PH Footnote: Loco for the logo


Formula One has changed its logo, and not for the better. Cue pandemonium.

The old one wasn't exactly a marvel of graphic design - though the bold 'F' on the left and its speed strakes on the right, creating the '1' in the negative space in between, had become familiar to spectators around the world. Familiarity is no reason not to improve something, of course, but fans and drivers alike have been left unimpressed with the replacement, comprised solely of two curved lines and a vertical one which, according to Formula One's Head of Marketing, is meant to represent a pair of F1 cars racing wheel-to-wheel towards the finish line. Well, if you say so.

Lewis Hamilton branded the old design "iconic" and having appeared on the podium for the last 23 years behind jubilant drivers from Michael Schumacher to the current world champion himself, it's hard to argue with that assessment. F1 is far from the first brand to reinvent itself though, and from London 2012 to the BBC Three, organisations across the board have managed to court controversy with a clumsy stroke of the designer's pen. Here we recount the best (and the worst) of the automotive sector's rebrands.


Le Mans 24
We'll start with the obvious one. It was but a few years ago that the world's oldest and most famous race rebranded, replacing a much loved (but admittedly rather dated) logo with a fresh new look. Taking a similar negative space based approach as F1's outgoing design, Le Mans' current look is certainly a success.


Jaguar
Jaguar is another automotive institution to have recently rebranded. In a bid to shed the stuffy, middle management image it gained during the Ford years in favour of its rebellious new "good to be bad" ethos, the British marque retired the "leaper" hood ornament from the front of its cars. It was replaced with a redesigned version of the "growler" - a term we're guessing they skipped the focus tests on...


Chrysler
Less likely to have affected readers on this side of the pond was Chrysler's turn of the decade refresh. Having barely scraped through the recession - thanks to a helping hand from Uncle Sam - and needing to double its sales to survive further, its takeover by Fiat was the perfect opportunity to switch from the awful 'pentastar' to a sleeker, modern take on its classic winged badge.


Mazda
Mazda has a long and interesting history as an automotive manufacturer, one which is reflected in the various badges its products have sported through the years. The most recent change came at the end of the 90s, when the previous rounded diamond - so shaped to avoid confusion with Renault - was replaced with the current "dynamic wing" logo. Symbolising Mazda's desire for 'growth' and 'improvement' it's a simple but remarkably modern design, given its age. We can't imagine anything else adorning the nose of the Furai.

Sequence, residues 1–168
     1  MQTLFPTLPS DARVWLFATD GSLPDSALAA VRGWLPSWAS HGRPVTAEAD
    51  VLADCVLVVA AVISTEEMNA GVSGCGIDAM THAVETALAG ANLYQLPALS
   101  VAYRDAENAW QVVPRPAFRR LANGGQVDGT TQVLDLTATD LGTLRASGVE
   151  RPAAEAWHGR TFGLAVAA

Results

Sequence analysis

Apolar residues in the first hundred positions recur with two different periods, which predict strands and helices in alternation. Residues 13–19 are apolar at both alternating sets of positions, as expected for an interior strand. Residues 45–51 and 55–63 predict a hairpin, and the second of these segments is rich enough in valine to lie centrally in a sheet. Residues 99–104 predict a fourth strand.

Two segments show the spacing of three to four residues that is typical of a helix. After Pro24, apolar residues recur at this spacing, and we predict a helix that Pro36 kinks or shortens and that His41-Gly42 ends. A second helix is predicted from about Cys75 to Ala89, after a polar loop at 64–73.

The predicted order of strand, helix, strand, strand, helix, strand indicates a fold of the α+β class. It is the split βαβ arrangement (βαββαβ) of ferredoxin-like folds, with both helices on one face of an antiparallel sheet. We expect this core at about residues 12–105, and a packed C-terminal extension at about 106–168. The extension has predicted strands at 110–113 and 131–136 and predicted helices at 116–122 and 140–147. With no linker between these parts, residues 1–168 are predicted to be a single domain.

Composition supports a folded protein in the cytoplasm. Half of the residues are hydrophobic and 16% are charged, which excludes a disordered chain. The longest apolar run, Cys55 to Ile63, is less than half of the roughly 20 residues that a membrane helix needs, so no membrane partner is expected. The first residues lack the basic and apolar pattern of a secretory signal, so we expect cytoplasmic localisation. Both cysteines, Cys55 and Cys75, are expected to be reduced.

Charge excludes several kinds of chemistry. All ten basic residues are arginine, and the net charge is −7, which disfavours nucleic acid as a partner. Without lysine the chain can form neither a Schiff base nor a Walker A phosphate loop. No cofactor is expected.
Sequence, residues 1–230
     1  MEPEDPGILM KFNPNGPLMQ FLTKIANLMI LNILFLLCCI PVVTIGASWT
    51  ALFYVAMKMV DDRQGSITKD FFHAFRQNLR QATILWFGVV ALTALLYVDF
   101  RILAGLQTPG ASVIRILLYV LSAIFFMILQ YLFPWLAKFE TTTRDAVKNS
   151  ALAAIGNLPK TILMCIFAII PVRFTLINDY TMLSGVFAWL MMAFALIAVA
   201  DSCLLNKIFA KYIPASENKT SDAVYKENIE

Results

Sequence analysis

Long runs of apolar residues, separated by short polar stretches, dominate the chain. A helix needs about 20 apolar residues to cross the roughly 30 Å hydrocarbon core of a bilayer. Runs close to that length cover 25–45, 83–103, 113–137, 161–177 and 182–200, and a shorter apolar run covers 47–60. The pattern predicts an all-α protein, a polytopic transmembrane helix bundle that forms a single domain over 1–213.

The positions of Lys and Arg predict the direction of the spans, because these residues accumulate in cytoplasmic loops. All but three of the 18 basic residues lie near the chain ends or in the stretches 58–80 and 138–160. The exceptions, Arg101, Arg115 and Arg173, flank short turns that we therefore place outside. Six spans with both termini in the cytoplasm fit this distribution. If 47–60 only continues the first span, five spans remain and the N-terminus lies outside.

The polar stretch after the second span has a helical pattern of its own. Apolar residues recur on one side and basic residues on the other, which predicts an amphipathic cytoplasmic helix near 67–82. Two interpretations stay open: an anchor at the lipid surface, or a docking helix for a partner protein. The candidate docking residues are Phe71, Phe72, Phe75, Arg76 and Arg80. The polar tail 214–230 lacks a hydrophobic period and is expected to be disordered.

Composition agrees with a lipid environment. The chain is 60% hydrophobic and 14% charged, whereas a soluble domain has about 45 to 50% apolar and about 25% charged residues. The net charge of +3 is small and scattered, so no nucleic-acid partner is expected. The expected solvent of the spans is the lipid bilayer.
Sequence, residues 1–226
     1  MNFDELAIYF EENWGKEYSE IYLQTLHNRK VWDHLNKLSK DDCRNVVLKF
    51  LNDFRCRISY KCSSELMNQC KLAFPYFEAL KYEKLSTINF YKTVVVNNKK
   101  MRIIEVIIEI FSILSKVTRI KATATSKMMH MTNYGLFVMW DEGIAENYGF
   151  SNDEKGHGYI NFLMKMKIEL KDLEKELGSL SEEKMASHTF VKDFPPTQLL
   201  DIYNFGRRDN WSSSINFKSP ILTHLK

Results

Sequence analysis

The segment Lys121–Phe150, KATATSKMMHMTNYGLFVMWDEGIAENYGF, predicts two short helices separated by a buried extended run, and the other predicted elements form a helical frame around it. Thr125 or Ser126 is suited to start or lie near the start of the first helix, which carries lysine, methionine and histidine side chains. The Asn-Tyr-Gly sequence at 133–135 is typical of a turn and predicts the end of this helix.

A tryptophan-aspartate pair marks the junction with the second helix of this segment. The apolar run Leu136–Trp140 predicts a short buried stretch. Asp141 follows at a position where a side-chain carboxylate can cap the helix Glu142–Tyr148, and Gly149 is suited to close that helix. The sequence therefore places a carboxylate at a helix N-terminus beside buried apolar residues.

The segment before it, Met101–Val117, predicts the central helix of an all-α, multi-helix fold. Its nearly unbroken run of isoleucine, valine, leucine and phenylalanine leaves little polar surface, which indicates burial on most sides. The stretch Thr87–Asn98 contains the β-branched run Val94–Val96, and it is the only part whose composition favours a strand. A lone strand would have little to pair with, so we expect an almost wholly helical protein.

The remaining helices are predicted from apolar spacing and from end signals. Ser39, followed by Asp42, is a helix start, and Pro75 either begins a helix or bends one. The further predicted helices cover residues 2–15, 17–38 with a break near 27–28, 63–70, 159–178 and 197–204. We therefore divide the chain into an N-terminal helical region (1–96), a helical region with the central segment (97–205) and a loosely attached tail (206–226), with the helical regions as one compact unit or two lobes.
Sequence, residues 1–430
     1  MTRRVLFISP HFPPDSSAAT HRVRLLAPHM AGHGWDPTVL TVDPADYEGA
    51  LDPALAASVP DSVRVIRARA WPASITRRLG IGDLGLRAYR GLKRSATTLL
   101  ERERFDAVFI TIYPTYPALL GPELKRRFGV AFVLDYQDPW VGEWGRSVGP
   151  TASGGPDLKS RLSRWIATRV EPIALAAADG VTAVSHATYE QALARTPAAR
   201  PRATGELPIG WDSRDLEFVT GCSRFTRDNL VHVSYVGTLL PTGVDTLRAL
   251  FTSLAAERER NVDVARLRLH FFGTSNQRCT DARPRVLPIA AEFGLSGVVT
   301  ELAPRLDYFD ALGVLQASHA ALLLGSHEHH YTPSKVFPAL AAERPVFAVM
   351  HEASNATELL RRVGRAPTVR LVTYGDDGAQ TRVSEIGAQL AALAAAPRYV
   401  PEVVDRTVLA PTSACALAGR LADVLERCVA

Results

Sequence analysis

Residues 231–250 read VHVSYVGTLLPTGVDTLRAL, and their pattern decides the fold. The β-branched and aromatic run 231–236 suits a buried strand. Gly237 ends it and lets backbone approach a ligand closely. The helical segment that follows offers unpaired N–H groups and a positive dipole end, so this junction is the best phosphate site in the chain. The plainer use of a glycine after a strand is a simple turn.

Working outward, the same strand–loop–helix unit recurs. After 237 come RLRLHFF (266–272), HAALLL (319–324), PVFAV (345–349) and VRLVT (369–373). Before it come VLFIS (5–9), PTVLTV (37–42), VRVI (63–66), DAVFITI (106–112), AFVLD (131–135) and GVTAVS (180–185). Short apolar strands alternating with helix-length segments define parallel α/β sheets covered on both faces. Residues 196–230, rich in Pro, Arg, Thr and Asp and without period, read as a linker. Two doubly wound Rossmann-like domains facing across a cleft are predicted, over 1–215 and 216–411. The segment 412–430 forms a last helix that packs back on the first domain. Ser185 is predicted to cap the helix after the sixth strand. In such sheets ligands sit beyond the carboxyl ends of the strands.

Formula E
We finish with something slightly different: a logo in desperate need of a redesign. For a racing series somewhat lacking in genuine excitement, image takes on another level of significance - hence last season's futuristic redesign for the cars themselves. Which is why it's such a surprise that Formula E's dire logo has persisted. Looking more like the desktop icon for a piece of accounting software than the emblem of the racing series of tomorrow, it could surely be easily improved upon. Then again, as an indicator of what to expect from the product it represents, perhaps it's not so bad after all...

P.H. O'meter

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Comments (39) Join the discussion on the forum

  • PhantomPH 27 Nov 2017

    I modified the new one to be more like the old one and I think I am owed some money from the design team. Much prefer mine. biggrin


  • sidewinder500 27 Nov 2017

    Yeah, you're definetly right, yours looks better by a mile!
    Now work on better looking cars, exciting races and championships fought out till the last race!

  • PunterCam 27 Nov 2017

    Both F1 logos are st, so don't really care there. Apparently they've decided to go 90s with the new one - if that's what people want then fair enough. The Le Mans redesign is awful though - it's gone from a classic to utter pish.

    I don't understand how people think logos date anyway - get a good one and stick with it. Morons are going to complain anyway.

  • cmoose 27 Nov 2017

    Amazing to think of all the pitches, meetings and general body count involved in signing the new logo off and it fails a basic recognition test.

    It's an OK looking shape, but I very much doubt that the average Joe, when presented with the logo and given no info whatsoever, would recognise it as indicating F1. But then F1 is run astonishingly badly, so it's comforting this extends to the choosing of a new logo!

  • lestiq 27 Nov 2017

    PunterCam said:
    Both F1 logos are st, so don't really care there. Apparently they've decided to go 90s with the new one - if that's what people want then fair enough. The Le Mans redesign is awful though - it's gone from a classic to utter pish.

    I don't understand how people think logos date anyway - get a good one and stick with it. Morons are going to complain anyway.
    I always liked the original F1 logo thought it was pretty clever. Not a fan of the redesign, +1 to the version at the top of the comments, much better. As for the the Le mans logo, I'm still shocked, it just looks half arsed and completely underwhelming.

    We used to have design agencies with talented artists working in them, think back to all those glorious posters we used to see. Well, when every kid at uni can use adobe illustrator its no wonder that large firms have no-one to turn to for important designs professionally, nowadays all you have is freelancers with far less weight and support behind them.

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